Monday, June 2, 2008

1898: first radio-controlled robot

On May 25, 2008 after a 422-million-mile journey from Earth, NASA's Phoenix spacecraft delivered a robot researcher on Mars. Only five of Earth's 11 previous attempts to land on Mars were successful.

In 1997 the NASA robot Sojourner landed on Mars and became the first radio-guided vehicle to roam the Red Planet.

Radio remote controlled robots actually started roaming around much earlier, when Nikola Tesla demonstrated the invention of the robot in New York City.

In 1898 he filed and was granted a patent which described radio remote control for use in guided vehicles. Space exploration developed from his invention.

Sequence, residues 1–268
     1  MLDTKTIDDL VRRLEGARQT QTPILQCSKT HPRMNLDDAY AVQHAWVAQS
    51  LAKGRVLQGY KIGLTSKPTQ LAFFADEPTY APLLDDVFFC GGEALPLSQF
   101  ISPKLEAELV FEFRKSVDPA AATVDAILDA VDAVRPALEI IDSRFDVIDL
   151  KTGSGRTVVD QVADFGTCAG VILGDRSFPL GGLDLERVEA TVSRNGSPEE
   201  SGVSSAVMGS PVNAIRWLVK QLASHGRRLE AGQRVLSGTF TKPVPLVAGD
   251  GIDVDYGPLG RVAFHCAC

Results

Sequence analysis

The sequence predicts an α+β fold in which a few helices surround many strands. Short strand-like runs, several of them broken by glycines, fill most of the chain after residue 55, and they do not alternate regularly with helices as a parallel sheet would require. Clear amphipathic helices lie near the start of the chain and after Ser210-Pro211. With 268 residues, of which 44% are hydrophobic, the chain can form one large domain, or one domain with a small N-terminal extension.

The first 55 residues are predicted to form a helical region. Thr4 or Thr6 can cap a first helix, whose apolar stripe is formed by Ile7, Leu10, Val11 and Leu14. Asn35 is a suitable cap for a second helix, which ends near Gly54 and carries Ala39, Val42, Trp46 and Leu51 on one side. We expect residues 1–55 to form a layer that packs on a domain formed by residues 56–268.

Tesla publicly demonstrated his first working model of a robot boat in a pool of water to astonished viewers at the Electrical Exposition at Madison Square Garden in May 1898. This was front page news at that time. It was the first time that radio waves were used to guide a movement of a robot, and 11 years before Marconi was awarded the Nobel Prize for the discovery of radio in 1909.

This historic moment New York City showed what could be achieved by using radio waves, and was the beginning of robotics, radio guided missiles and remote control.

Tesla built a laboratory in Colorado in 1899, to experiment with high frequency electricity and other phenomena. He received and recorded cosmic radio waves. He announced that he received extraterrestrial radio signals. The scientific community did not believe him, because knowledge of cosmic rays did not exist at that time. (info from The Tesla Society, illustration from Popular Science - July 1956)

No comments: